Egypt remands in custody aide to barred presidential challenger

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Cairo - Egypt's military prosecution has ordered a former anti-corruption chief detained for two weeks after he suggested a sidelined presidential candidate possessed damning material against leading officials, state media reported on Wednesday.

Hisham Geneina had been arrested on Tuesday following his remarks in an interview published by Huffpost Arabi.

Geneina had been a top campaign aide to former military chief-of-staff Sami Anan, whom the military also detained after he announced he would stand in next month's presidential election against incumbent Abdel Fattah al-Sisi.

Anan is accused of having declared his candidacy illegally while still a registered officer in the military, as well as incitement against the armed forces.

Geneina is accused of spreading "false news that harms national Egyptian security and affects the military institution and threatens authority," the official Al-Ahram newspaper reported.

His detention may be renewed after 15 days as the military prosecution investigates.

His lawyer Ali Taha told AFP he has not been informed of Geniena's whereabouts, but his client still needs treatment after an altercation last month.

Geneina had been taken to hospital with a fractured eye socket and other injuries. He blamed the attack on thugs in the pay of officials. Police said it was a traffic dispute.

"He had an operation in his eye. It can fall out. He has to sleep in a certain position. If you must detain him, detain him in a hospital," his lawyer said.

Geneina was sacked by Sisi as head of the Central Auditing Authority in 2016 after being accused of exaggerating the cost of corruption in Egypt.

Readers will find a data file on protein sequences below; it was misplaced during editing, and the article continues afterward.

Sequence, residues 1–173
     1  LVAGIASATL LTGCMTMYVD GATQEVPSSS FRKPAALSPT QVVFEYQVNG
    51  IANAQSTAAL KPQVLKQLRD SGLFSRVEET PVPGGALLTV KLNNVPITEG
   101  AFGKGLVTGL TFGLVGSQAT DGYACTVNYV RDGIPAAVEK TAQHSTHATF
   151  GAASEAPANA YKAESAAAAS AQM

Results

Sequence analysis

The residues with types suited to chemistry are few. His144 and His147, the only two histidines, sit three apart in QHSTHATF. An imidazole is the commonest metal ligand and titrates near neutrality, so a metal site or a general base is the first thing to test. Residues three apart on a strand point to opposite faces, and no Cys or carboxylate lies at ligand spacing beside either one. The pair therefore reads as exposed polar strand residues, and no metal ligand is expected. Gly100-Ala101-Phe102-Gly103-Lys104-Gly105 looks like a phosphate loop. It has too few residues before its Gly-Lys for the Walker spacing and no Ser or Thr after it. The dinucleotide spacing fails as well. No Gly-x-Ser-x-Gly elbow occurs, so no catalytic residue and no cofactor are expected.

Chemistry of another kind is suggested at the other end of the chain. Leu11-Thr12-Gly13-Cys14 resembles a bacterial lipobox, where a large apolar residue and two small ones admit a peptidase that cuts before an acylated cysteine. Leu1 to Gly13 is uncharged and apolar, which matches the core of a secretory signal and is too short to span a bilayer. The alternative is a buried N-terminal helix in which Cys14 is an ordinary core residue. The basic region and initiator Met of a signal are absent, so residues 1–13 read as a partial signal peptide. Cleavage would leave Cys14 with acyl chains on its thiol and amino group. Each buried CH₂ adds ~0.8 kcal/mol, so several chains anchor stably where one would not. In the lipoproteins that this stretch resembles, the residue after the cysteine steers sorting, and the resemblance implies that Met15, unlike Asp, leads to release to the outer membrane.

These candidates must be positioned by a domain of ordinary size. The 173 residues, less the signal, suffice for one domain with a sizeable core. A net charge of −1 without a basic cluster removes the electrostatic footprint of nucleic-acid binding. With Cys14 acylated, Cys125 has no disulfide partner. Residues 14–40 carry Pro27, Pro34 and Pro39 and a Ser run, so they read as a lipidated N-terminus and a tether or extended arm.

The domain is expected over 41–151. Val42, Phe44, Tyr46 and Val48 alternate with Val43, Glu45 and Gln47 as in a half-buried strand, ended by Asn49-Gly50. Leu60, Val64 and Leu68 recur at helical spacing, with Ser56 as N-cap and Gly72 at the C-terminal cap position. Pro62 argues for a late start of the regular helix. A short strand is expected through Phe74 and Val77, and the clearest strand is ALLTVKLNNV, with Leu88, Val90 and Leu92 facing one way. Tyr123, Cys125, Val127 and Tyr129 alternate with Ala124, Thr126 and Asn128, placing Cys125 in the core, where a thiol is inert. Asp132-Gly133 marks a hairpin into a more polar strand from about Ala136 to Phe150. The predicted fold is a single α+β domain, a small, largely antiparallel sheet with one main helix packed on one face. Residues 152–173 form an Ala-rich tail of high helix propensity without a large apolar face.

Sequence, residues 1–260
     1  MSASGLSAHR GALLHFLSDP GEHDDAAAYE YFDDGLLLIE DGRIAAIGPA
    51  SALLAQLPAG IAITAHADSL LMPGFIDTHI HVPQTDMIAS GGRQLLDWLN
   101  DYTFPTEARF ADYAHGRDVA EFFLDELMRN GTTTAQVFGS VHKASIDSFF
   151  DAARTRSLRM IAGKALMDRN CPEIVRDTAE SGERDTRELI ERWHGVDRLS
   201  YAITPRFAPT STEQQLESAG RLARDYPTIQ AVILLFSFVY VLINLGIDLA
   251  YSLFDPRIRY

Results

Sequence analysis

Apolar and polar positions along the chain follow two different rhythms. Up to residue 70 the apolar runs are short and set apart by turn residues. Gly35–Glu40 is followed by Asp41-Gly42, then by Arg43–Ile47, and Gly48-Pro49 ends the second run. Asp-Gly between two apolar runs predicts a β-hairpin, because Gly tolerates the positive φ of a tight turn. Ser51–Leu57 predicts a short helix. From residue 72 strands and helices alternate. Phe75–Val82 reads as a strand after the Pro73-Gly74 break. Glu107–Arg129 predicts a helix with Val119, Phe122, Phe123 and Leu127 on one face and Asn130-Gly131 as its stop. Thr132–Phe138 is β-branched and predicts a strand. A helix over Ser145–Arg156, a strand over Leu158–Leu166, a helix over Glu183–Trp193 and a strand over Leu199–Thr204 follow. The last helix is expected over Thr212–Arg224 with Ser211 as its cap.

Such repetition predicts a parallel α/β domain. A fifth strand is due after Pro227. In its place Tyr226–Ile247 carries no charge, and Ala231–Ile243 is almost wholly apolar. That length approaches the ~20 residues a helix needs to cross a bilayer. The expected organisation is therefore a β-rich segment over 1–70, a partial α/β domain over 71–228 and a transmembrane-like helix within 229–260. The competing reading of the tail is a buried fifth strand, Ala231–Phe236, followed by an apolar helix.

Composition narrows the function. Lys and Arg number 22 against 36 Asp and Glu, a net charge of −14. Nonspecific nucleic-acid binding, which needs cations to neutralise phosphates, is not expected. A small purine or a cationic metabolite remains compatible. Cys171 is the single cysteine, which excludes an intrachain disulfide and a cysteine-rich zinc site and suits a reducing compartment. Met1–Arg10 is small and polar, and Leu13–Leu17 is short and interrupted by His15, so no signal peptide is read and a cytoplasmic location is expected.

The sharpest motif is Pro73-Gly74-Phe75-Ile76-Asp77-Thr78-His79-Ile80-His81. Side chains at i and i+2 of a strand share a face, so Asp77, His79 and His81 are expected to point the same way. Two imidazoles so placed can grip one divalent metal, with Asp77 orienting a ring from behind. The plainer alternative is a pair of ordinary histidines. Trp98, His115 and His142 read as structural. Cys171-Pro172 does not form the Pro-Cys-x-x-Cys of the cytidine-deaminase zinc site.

Geneina said the documents Anan allegedly possessed "revolve around political events and crises Egyptian society has passed through" since the January 2011 uprising which toppled veteran strongman Hosni Mubarak.

The uprising left a military group led by Anan and commander-in-chief Hussein Tantawi in control of the country.

Anan had been the most credible election rival to Sisi, who is all but certain to win.

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His only remaining rival is a leader of a small party who had been a leading campaigner for Sisi until he abruptly announced his own candidacy.

Critics said he did so to save Sisi the embarrassment of being the only candidate, in a throwback to referendums held by Egyptian autocrats instead of elections.

The government has rejected such criticism and the candidate, Moussa Mostafa Moussa, insists he is a serious contender.

Sisi, a former defence minister, came to power after ousting his Islamist predecessor Mohamed Morsi following mass protests against the Muslim Brotherhood member.

Sisi won an election a year later.

Former army general and prime minister Ahmed Shafiq had also announced he would stand in the election.

Shafiq made his announcement from exile in the United Arab Emirates, which promptly sent him back to Egypt where he was received by state officials who took him to a hotel.

Shafiq later withdrew his candidacy.

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